This weekend was amazing.

About a week ago, I was approached by a friend of mine about putting together a community rally in response to the results of the Presidential election. He was very clear- he didn’t want a protest or a march. He wanted a rally to show our diversity, and to show our community that there is support, and that we will stand against acts of hate, and intolerance, like what we’ve seen across our nation.

So we rallied on Saturday. Speakers included Assemblyman Harry Bronson, Brighton Town Supervisor Bill Moehle, community leaders like Thomas Warfield, Kevin and Monica from PittsFORWARD and CURB, Charlsey Bickett, executive director of Mary’s Place, and others. As I’ve said quite often since the mass shooting in Orlando, I’ll always be grateful and encouraged when people come together to find strength and hope.

But Saturday evening, for about an hour and a half, I was able to experience something I’ve never experienced. I was able to see a friend come out, and be herself in front of family and friends.

About a year or so ago, I met an individual through a best friend of mine. This person’s gender expression was male, and until I knew differently, I used male pronouns. Even after this person was comfortable enough to share with me that she is transgender, she still preferred to be addressed by the name she was given at birth- for safety and security reasons. I made sure to ask when we were out together; I wanted her to be comfortable.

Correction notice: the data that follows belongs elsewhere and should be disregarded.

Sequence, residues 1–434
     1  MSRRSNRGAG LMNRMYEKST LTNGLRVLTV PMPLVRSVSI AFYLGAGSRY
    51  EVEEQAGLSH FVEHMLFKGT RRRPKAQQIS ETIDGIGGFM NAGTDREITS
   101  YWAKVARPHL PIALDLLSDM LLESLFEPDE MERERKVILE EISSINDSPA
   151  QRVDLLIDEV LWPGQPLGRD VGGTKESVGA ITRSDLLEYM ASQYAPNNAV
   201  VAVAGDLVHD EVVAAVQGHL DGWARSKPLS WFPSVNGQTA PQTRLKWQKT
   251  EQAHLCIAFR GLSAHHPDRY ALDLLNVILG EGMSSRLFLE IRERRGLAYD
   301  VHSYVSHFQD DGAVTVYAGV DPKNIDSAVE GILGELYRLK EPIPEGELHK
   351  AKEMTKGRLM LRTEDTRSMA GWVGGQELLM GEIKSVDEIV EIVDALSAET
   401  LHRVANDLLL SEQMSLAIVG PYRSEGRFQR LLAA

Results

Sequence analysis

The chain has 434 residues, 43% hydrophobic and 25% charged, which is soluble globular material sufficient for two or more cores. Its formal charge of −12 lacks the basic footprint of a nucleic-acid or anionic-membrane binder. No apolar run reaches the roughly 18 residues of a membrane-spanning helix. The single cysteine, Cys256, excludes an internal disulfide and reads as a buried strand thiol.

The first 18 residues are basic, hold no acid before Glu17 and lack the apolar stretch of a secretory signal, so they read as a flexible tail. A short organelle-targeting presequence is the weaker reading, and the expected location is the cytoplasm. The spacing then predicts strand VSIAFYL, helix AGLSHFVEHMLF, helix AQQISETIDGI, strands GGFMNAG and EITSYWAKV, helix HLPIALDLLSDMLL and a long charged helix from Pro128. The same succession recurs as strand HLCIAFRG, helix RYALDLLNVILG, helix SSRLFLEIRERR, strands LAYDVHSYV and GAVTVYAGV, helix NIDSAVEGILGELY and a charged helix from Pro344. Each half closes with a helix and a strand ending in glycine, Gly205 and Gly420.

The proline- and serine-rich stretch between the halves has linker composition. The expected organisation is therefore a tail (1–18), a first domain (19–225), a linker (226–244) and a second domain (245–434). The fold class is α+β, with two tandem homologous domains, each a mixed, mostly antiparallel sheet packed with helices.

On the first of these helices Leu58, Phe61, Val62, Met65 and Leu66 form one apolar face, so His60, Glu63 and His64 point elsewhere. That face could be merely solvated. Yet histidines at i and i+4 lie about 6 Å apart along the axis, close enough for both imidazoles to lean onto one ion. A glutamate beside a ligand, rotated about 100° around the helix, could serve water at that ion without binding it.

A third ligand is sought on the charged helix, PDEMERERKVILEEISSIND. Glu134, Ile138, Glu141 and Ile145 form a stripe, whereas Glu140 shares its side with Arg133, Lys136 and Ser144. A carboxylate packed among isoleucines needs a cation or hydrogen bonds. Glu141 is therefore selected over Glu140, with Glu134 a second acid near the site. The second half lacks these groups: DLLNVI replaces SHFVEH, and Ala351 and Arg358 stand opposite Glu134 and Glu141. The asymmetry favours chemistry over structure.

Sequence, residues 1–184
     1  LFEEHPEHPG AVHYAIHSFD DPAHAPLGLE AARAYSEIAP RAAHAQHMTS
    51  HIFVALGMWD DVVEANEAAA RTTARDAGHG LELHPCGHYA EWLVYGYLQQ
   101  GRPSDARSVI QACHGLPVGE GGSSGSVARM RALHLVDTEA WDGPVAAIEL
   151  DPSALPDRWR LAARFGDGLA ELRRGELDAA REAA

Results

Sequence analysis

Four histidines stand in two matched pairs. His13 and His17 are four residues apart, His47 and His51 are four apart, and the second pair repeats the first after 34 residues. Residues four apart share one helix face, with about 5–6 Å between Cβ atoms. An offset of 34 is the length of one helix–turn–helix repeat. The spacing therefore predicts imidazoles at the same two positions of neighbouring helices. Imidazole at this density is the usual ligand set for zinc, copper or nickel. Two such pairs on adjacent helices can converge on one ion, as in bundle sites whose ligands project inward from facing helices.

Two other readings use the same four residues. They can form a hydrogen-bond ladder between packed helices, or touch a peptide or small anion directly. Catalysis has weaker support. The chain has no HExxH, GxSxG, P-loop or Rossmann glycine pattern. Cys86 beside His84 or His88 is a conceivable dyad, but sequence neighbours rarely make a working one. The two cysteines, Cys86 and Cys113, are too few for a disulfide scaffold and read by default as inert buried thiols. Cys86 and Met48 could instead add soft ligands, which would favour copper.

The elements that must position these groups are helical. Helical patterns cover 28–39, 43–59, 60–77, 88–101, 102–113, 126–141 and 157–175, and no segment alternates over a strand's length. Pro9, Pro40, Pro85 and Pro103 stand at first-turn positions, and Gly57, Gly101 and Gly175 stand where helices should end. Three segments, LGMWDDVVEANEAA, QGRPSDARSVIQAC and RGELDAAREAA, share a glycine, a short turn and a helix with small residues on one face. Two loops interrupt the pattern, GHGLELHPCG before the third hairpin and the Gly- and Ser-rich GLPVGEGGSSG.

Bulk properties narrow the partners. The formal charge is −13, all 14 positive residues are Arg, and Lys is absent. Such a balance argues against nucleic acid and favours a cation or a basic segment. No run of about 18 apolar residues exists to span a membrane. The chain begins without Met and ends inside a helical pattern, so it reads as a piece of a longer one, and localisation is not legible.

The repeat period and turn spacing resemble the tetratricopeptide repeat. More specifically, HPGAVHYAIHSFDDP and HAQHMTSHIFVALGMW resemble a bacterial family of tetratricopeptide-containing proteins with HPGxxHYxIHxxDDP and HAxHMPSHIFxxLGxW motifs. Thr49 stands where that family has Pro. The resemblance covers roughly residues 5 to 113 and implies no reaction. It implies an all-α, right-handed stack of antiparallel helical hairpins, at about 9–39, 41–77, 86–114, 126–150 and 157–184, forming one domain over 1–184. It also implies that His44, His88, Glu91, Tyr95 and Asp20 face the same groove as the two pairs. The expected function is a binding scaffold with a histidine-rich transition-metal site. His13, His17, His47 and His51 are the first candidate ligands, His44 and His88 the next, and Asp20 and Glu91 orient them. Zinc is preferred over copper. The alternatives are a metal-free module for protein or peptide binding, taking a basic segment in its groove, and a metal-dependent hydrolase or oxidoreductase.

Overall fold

About a week or so ago, I received her coming out party invitation via email.


Well, Saturday evening, she had her coming out party. I arrived just a few minutes after it started, and saw a small group. She came up to me, and we hugged tightly and we talked for a bit before she moved on to greet friends and family. Before I left, 25-30 or more people, including her brother, had gathered in support. I hope she felt all the love for her that was in the room.

I won’t share her name, as she still enjoys her anonymity. She and I have shared a few tears, as she told me about the discrimination she’s faced in her workplace. I’ve watched her tweet despair, and hope. She’s tweeted about her worries and fears, and about her coming out plan.

So, here’s to her. Here’s to her infectious smile, great sense of humor, realistically hopeful outlook, kind and caring spirit.

I’m incredibly grateful to have shared these moments with her, and while we know this world can be most unkind when a person is most genuine to themselves and those around them, I want her to know that we are here for her. Not just in the good times, but in the moments she needs lifting up.

Together, we rise.